Moroccan style in the interior

Moroccan style in the interior

The Moroccan style in the interior is a very special oriental spectrum and an almost magical atmosphere reigning in the house. And this splendor is created with delightfully bright colors, unusual combinations of textures and colors, the introduction of handmade textiles, painted ceramics, forged and carved wood products in the atmosphere.

Ancient Marrakech simply enters houses located in at least some part of the world. It is breathtakingly harmonious and effortlessly located in a variety of layouts, despite the number of square meters. It can fill all the available space, or it can only touch it, remaining the most colorful memoirs on a variety of surfaces in the interior.

Everything depends on the desire of the one who makes the furniture, the degree of his love for this mind-bogglingly original, simply famous African style.

Where does Morocco begin in the interior? Naturally, from the cobalt color of the blue — color tuning fork, capable of setting the tone of the situation, passing a connecting thread through the rooms and auxiliary areas of at least some living space.

Cobalt blue is especially adored in the west of Africa. There it is everywhere — it highlights brightly, emphasizes, obosablivaet. And this expressive color will be very appropriate for at least one of the kitchens decorated in Moroccan style. For example, you can choose such a blue for arranging a tile apron, for edging a furniture facade or for finishing a work surface.

The right advice! Designers working with African motifs are advised to be very careful with their diversity and originality. Focus first on the size of the room. Small Moroccan cuisine should not be overloaded with details.

Light colors in the decoration will add air to it, and niches with a catchy interior design will bring depth. By the way, if the places are insignificant, such niches will completely cope with the role of open kitchen cabinets, they will turn out to be amazing places to find home appliances.

In the large kitchen there is an opportunity to turn around, including design imagination. Here you can not save and differentiate the dining and working areas. In the Moroccan style, this comes out to be especially interesting. The dining room can be more restrained, while the “kitchen” half is allowed to be charmingly colorful.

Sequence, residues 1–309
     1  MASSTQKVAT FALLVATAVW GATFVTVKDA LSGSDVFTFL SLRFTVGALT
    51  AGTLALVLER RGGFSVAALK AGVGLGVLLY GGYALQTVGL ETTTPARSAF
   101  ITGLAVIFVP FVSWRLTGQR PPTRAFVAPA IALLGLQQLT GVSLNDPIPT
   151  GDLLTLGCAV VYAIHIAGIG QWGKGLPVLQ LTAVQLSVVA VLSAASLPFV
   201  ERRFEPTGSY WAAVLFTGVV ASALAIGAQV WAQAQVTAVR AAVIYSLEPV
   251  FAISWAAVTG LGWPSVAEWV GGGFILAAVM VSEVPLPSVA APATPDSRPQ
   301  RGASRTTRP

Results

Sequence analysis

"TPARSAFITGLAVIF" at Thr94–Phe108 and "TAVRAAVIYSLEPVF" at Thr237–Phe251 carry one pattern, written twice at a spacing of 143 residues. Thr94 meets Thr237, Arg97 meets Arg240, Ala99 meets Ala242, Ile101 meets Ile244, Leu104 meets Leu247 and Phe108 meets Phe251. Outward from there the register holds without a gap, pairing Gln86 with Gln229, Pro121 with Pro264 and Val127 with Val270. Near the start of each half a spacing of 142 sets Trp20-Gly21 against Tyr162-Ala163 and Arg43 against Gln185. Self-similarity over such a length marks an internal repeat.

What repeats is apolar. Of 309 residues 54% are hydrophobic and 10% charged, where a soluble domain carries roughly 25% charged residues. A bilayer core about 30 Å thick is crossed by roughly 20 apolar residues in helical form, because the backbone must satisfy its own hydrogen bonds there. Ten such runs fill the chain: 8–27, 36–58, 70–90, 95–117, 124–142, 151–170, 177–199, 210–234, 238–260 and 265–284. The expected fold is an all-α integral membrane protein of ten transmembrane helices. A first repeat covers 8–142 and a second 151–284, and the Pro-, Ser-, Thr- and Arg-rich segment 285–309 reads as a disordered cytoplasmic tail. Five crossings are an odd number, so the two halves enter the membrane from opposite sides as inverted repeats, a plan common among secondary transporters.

But obviously the kitchen “motif” should be repeated in the dining area. For example, colorful pillows on the seats, tablecloths, napkins or a lampshade on a lighting device to match the finish in the kitchen.

The Moroccan-style living room is significantly different from the kitchen in the same style. But the fact that these are “two sides of the same coin” is clearly recalled:

  • the layout in which niches with columns usually alternate;
  • the overall measured color background and colorful variegated details on it;
  • the wealth of textiles;
  • forged, also carved elements in the decoration and decor;
  • and all the same blue cobalt, without which there is no West African design.

The general color background of the Moroccan living room is usually light, in beige, pale lilac or ash-pink tones. The compositions look great — for example, ivory color is stunningly mixed with woody, also amber colors. A dusty rose is simply complemented by grayish and beige tones, and lilac motifs sound wonderful surrounded by copper and/or different chocolate colors.

In general, the memory of a common bright background — space, richness of air, freedom – should be created. And the task of the designer is to draw a colorful, memorable interior picture with bright details on this spacious “easel” with juicy colors.

Almost with a few strokes, without overdoing the details. Especially if the starting place is not very large.